How our minds respond to watching traumatic experiences play out on TV and online

HOUSTON, Texas (KTRK) -- As we wait for the impeachment trial to start, people are speaking out about their fears and the idea that something like the riots could happen again.

Debra Mollen, a psychology professor at Texas Woman's University, says we experience a trauma response when our emotional and physical safety is threatened in real and tangible ways.

She says seeing violence played out on TV can bring up suppressed feelings for anyone who has lived through any form of violence or abuse.

"Not only is it valid, it's extremely common," Mollen said. "I think that it makes good sense that when we see something that amounts to domestic terrorism that we have our own feelings about it. And the more that we see, the more traumatizing it is."

Mollen says about 35% of women worldwide will have an experience of physical or sexual violence in their lifetime.

Battering by way of relationship violence is the single-highest cause of injury to women worldwide

"The most important thing is that if somebody is having a trauma response to what we witnessed at the Capitol that they seek help, whether that's informal help or help by way of speaking with a psychologist or some form of therapist. There's a lot of good assistance online. For some people that may be reaching out to a family member," Mollen said.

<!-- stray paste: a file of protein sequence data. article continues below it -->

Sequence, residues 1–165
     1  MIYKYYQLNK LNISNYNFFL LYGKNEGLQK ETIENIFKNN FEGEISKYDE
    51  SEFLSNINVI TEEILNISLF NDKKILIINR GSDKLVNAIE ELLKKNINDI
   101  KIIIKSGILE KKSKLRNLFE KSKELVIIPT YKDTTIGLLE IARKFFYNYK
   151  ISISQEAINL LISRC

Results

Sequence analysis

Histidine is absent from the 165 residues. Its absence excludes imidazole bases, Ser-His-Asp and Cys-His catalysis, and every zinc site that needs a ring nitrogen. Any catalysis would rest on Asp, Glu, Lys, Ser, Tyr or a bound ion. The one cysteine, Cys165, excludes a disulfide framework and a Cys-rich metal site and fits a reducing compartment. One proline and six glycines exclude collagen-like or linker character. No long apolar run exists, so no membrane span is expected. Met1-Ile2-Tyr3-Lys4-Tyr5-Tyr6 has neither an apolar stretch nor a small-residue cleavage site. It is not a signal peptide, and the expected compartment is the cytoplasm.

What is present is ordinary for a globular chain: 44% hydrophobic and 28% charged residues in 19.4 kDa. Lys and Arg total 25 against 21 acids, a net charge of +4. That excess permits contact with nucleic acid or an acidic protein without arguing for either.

The following are other things Mollen says people can do to help with trauma responses:

Practice good self care

Get out of the house

Movement or fitness

Good sleep hygiene

Family members or friends should respond with compassion and empathy.

Sometimes the best response seems simple, but meet their feelings with understanding. Let them know you are there for them and willing to listen without judgement.

If you are looking to talk to a professional, here are two good places to start:

APA Psychologist Locator

Psychology Today

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